Archive for January 16th, 2012
When The Monkees’ Instant Replay was released in February 1969, less than three years had passed since the band’s vinyl debut in October 1966. But the pop world of 1966 might have been a lifetime ago. Five days before Instant Replay’s February 15 release, The Beach Boys unveiled the album 20/20, on which America’s band surreptitiously recorded a song by Charles Manson. Two days after, The Temptations skyrocketed to Cloud Nine, meeting psychedelia head-on. By the year’s end, the dream of peace that had flowered at Woodstock seemed shattered in the violence of a Rolling Stones concert at California’s Altamont Speedway. It was into this heady time that Instant Replay was released, the product of a fractured group of Monkees. Peter Tork had departed the group after filming the 33-1/3 Revolutions Per Monkee television special in December 1968, which would air to disastrous ratings the following April. Instant Replay fared somewhat better, climbing to No. 32 to stake its claim as The Monkees’ final Top 40 album. The album’s production period was not without tension, and Michael Nesmith would depart the band after just one more album, leaving Micky Dolenz and Davy Jones to soldier on as the lone Monkees as 1970 progressed. Instant Replay is unmistakably the sound of a fractured group, with Nesmith having assessed it as “a final choking cough of the engine before it completely died.” Andrew Sandoval to the rescue! The producer has uncovered enough hidden treasures to warrant its journey from a 12-track LP to a 19-track CD in 1995 to finally, a lavish 89-track box set containing three CDs and one 45 RPM vinyl single (Rhino Handmade RHM2 528791, 2011).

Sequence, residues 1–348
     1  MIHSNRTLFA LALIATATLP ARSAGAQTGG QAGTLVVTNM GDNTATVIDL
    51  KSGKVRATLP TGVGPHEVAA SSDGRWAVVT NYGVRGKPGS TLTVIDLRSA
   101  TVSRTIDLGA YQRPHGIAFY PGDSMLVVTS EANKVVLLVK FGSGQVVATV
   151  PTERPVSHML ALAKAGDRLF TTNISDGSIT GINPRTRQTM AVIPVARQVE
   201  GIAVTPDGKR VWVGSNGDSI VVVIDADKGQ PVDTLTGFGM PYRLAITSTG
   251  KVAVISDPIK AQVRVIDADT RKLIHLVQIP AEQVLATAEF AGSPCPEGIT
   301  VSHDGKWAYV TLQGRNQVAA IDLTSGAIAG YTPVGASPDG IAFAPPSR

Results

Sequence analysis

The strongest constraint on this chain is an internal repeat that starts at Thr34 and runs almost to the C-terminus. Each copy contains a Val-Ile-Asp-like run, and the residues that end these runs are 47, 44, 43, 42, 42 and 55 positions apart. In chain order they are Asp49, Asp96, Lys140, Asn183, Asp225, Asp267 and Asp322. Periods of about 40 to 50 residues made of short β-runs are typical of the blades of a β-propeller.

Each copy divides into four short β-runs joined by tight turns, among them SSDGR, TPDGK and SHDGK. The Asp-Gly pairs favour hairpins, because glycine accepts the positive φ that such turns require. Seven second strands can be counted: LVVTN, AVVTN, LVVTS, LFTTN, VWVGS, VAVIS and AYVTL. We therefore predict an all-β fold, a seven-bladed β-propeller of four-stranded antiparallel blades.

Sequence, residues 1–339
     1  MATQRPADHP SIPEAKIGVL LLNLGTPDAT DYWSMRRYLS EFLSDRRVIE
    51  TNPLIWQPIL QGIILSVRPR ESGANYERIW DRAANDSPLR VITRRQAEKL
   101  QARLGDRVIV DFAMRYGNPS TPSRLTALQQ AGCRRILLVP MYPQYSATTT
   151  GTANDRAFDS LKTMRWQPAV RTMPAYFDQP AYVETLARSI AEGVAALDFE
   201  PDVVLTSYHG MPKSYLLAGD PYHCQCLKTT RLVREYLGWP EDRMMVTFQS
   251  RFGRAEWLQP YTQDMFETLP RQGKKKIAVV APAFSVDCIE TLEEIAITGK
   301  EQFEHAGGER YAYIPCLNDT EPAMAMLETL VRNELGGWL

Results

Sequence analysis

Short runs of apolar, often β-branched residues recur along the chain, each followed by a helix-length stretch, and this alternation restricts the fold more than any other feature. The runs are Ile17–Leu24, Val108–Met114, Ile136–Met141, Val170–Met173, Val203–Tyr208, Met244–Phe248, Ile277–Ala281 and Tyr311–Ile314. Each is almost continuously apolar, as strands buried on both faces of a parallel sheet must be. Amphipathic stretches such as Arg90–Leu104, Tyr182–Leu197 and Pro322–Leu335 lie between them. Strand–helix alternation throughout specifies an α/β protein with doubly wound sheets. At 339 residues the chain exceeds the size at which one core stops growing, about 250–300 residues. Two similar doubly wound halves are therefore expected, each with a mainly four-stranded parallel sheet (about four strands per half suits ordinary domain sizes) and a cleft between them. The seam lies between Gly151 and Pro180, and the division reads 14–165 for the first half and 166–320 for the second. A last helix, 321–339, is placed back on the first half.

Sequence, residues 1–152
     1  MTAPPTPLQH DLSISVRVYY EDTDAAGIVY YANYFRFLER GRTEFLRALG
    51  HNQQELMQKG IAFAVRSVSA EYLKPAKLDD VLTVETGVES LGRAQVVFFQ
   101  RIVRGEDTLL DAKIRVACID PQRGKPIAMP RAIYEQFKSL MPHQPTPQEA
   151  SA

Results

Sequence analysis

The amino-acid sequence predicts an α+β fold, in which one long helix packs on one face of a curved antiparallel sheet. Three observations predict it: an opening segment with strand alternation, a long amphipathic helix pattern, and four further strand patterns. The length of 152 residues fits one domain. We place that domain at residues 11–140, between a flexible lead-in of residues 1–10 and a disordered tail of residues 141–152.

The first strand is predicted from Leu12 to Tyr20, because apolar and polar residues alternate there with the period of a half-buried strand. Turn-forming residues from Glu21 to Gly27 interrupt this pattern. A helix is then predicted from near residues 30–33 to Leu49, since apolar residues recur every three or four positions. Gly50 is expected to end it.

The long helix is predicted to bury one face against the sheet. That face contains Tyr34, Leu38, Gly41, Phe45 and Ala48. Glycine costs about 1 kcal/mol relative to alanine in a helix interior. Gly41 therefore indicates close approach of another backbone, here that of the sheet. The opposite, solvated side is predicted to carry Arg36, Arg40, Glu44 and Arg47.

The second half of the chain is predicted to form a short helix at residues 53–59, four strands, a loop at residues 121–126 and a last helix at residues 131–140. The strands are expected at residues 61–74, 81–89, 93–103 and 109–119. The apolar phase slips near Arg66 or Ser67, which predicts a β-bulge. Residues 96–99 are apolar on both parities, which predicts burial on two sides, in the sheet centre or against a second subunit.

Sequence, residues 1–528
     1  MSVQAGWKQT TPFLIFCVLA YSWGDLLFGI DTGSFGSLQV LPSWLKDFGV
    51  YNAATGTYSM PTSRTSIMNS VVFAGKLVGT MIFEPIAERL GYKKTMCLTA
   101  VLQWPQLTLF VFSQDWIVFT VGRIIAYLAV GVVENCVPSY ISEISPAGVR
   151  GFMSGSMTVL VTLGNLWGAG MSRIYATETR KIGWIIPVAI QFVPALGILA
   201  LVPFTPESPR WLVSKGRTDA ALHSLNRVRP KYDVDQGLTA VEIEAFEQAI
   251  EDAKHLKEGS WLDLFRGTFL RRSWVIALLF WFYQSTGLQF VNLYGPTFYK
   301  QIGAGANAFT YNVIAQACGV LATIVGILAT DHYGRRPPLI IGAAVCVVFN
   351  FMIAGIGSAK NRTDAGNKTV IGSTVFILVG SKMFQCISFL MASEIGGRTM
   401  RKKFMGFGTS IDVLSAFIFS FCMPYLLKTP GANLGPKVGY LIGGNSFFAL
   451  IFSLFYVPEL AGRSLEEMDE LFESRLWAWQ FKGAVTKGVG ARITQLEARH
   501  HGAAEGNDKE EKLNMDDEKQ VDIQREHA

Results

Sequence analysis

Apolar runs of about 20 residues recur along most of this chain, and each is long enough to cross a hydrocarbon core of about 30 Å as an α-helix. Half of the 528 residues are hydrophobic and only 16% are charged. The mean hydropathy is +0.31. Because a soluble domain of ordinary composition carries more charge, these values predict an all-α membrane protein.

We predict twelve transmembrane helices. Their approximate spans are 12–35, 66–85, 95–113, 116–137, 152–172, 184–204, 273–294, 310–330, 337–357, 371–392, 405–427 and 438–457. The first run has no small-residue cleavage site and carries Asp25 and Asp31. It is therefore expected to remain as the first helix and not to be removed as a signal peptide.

Instant Replay is marked chiefly by the sound of three individuals rather than a band. It’s tempting to call the album the Monkee equivalent of The White Album, but a more accurate comparison might be to a hypothetical LP containing tracks from McCartney, All Things Must Pass, Plastic Ono Band and yes, Ringo’s Sentimental Journey! The grab-bag of songs is disparate and varied, and don’t sound as if they necessarily belong on the same album; the remaining band members originally intended the LP to echo the sounds of the past while still looking musically forward. The greatly expanded content of the box set works in the album’s favor, illuminating each nook and cranny of what once resembled a crazy quilt of Monkee music.
The three discs of the new Instant Replay are largely arranged by mixes. The first disc is dedicated to stereo and contains a newly-remastered and restored transfer of the original album, expanded with 16 additional stereo mixes including “nearly all” of Nesmith’s 1968 Nashville sessions (more on those soon). Disc Two is all-mono, which is particularly intriguing as Instant Replay was never issued in true mono. (The Birds, The Bees and the Monkees was the band’s last Colgems album to see such a release.) But most of the album’s songs were mixed into mono, so those tracks make their first appearances here. Rare and unreleased recordings round out the disc. Finally, Disc 3 is subtitled “Sessions,” and two thirds of the disc is devoted to backing tracks, though the completed songs from the surviving video master of 33-1/3 Revolutions Per Monkee should intrigue even the most difficult to please fan of the group!